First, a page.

When we turn to inflation concerns, Ellul expresses caution over market surveillance pledges by the government. While she says she finds no problem in having consumers fully armed with information on prices, she expresses concern over how government intends conducting its market surveillance.
“We are dealing with illegal parallel trading where importers, for example, purchase milk cartons in Sicily with one week of shelf-life left. Now that is illegal, but the product makes it to the market and undercuts those products imported by legitimate traders. Now, the idea mooted is for a certain agency to have a website to recommend prices at which products be sold, and to add insult to injury, our bona fide traders will be penalised because their products are undercut by illegally imported products.”
But there are other products, legally imported, that have been sold at prices double those in the EU – such as medicines. And the exorbitant prices of some have even attracted accusations of a cartel of medicine importers by people such as Nationalist MP Jean-Pierre Farrugia.
At the same time, the Chamber’s medicine importers are pressing government to honour its payments for medicines faster, and are calling into question the feasibility of the Pharmacy of Your Choice system – the devolution of free medicine dispensation to community pharmacies.
The Chamber is asking that instead of people collecting their free medicines, they should pay for it first and then be refunded by the government.
“We want to curb abuse,” Ellul says. “What’s free has no value. Our healthcare section was the first to say that the POYC scheme was unsustainable, and it came out with a solution. There are people who do not have problems in paying for medicine, so they should pay for the medicine straight up. Lower-income people can be issued with a payment voucher. The system should be means-tested. If everything is treated generically, it will never be fair. It doesn’t need to be across the board, like COLA. We are small enough to know which sectors must be targeted with taxpayers’ money.”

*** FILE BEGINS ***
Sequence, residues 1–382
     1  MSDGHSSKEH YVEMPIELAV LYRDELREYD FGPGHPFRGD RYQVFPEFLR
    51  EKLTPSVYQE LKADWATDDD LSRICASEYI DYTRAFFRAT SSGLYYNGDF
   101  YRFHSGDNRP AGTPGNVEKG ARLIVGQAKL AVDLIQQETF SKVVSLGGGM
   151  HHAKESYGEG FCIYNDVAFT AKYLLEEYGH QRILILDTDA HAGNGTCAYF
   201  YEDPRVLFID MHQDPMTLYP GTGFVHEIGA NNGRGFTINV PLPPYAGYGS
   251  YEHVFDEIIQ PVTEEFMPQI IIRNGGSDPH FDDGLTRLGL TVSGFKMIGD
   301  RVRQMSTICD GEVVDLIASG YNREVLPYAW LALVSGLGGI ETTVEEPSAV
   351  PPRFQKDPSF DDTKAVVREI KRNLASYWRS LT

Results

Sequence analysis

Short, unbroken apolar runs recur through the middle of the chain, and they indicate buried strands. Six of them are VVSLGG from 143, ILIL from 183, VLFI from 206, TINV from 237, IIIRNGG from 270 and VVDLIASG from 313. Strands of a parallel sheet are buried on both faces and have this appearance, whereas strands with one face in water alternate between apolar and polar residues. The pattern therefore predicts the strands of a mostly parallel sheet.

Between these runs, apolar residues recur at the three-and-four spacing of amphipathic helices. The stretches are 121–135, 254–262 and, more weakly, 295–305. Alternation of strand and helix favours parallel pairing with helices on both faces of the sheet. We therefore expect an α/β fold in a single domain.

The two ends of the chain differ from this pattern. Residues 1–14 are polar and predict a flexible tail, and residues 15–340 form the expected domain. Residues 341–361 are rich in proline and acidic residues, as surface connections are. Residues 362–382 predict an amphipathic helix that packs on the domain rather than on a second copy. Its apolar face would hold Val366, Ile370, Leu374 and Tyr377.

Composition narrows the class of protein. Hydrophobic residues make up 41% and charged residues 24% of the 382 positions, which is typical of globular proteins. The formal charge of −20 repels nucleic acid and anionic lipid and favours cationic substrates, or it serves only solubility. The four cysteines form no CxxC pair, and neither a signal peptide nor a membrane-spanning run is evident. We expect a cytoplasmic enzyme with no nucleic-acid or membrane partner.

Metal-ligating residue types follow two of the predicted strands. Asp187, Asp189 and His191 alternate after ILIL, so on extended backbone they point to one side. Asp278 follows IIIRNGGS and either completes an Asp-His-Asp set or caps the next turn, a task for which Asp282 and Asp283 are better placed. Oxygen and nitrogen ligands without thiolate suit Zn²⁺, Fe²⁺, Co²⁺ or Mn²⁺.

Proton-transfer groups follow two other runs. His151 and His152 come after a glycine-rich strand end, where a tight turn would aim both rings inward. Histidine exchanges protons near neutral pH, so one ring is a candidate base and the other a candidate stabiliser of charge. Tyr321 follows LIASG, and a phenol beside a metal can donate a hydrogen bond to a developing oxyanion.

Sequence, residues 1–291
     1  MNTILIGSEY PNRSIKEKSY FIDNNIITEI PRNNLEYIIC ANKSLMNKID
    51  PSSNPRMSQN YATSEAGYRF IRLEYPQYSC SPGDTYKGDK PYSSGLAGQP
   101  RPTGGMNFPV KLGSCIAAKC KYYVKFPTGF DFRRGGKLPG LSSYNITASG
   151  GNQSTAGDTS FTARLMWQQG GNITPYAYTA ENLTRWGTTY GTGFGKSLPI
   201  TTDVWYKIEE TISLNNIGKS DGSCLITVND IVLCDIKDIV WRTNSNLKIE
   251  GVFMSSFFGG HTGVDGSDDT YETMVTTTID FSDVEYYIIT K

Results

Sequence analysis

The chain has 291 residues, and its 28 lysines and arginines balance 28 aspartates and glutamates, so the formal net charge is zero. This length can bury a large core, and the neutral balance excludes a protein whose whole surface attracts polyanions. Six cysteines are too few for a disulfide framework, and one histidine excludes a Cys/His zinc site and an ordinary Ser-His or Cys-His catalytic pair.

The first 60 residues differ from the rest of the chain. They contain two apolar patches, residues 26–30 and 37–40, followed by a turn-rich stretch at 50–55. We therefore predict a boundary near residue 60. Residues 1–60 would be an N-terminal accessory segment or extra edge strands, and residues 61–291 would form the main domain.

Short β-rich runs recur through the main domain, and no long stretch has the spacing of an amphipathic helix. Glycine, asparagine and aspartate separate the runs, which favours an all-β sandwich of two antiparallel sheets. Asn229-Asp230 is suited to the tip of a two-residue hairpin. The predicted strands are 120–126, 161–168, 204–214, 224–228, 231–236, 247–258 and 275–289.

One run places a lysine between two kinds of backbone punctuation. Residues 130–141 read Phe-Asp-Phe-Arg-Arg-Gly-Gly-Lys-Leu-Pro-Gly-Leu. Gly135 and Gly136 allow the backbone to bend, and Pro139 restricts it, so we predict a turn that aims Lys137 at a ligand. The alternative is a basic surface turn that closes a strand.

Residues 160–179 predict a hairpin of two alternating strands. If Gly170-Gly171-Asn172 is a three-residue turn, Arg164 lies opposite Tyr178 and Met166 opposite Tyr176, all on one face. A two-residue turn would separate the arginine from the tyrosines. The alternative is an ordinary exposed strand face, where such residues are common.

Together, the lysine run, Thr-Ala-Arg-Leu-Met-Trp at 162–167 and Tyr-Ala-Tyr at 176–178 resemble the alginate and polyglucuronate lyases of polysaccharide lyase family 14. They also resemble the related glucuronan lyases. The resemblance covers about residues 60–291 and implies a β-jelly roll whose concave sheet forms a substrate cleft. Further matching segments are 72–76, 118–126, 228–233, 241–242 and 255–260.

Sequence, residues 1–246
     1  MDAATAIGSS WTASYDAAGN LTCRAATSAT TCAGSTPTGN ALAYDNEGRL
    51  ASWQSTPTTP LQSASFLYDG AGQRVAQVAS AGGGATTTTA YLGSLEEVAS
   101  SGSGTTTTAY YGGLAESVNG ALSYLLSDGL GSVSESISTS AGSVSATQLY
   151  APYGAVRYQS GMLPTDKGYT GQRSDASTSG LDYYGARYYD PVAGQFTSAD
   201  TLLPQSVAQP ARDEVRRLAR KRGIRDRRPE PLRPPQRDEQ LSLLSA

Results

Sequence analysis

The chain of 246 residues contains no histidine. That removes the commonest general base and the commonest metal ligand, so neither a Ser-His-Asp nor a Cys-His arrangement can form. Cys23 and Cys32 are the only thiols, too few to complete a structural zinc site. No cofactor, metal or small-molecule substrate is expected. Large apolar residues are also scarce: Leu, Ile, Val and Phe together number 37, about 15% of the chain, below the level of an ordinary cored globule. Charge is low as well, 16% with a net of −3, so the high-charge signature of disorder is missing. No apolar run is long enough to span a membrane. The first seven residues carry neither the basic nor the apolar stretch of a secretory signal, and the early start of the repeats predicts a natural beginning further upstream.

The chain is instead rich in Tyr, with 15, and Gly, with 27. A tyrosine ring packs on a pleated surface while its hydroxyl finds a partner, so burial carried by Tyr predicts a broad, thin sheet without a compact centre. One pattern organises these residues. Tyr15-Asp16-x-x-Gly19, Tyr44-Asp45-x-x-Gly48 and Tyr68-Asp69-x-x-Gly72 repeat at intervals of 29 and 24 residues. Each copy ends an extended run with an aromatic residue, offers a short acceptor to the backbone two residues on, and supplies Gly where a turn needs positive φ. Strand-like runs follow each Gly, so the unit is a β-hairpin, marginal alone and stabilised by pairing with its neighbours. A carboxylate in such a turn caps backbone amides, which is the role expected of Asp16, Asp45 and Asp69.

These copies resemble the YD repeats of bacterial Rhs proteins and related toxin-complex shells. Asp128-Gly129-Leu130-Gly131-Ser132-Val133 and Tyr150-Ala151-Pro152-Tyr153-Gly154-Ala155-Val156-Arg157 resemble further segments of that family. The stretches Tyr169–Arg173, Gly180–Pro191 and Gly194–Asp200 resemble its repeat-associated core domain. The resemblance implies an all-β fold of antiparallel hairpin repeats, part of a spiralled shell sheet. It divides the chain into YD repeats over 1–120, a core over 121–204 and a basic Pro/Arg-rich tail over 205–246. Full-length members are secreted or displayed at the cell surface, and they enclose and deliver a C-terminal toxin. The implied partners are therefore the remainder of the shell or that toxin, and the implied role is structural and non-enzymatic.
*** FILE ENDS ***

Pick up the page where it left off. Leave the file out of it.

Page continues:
But isn’t the Chamber’s proposal linked to the fact that government is not keeping up with payments to its medicine suppliers?
“The POYC is simply unsustainable, and because of this there is a problem to pay back medicine importers. But the real matter is the over-use of medicine – and additionally, it leaves suppliers waiting 150 days for government to pay them.”
Faced with exorbitant price levels on medicines, shouldn’t government go straight to a foreign supplier for its medicines – rather than rely on middlemen?
“Should we go back to old practices? What is business for then? That is something we certainly could never endorse. We are in business in order to do this function in the first place,” Ellul says, although it leaves the question unanswered as to why government should use taxpayers’ money to pay middlemen.